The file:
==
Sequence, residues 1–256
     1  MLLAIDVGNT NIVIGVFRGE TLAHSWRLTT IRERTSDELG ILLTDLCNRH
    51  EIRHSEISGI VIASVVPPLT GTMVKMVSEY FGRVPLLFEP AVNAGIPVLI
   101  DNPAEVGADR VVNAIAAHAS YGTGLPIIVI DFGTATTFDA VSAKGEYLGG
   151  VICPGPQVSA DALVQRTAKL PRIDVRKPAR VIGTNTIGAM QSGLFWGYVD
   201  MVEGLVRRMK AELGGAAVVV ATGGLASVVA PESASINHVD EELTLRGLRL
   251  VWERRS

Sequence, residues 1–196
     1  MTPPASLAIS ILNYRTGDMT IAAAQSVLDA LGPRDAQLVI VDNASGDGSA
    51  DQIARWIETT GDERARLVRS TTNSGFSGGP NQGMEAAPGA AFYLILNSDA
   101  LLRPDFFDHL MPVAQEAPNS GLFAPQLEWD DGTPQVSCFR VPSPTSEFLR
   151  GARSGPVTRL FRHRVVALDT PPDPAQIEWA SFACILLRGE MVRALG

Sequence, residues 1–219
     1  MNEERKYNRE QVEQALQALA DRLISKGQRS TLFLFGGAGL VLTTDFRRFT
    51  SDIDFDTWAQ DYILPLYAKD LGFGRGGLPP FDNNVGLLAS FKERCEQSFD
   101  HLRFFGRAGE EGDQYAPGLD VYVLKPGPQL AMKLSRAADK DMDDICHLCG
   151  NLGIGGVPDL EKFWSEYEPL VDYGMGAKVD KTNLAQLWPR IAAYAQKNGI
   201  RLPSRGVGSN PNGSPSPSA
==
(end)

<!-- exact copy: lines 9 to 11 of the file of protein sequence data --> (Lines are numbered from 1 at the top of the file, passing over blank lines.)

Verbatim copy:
     1  MTPPASLAIS ILNYRTGDMT IAAAQSVLDA LGPRDAQLVI VDNASGDGSA
    51  DQIARWIETT GDERARLVRS TTNSGFSGGP NQGMEAAPGA AFYLILNSDA
   101  LLRPDFFDHL MPVAQEAPNS GLFAPQLEWD DGTPQVSCFR VPSPTSEFLR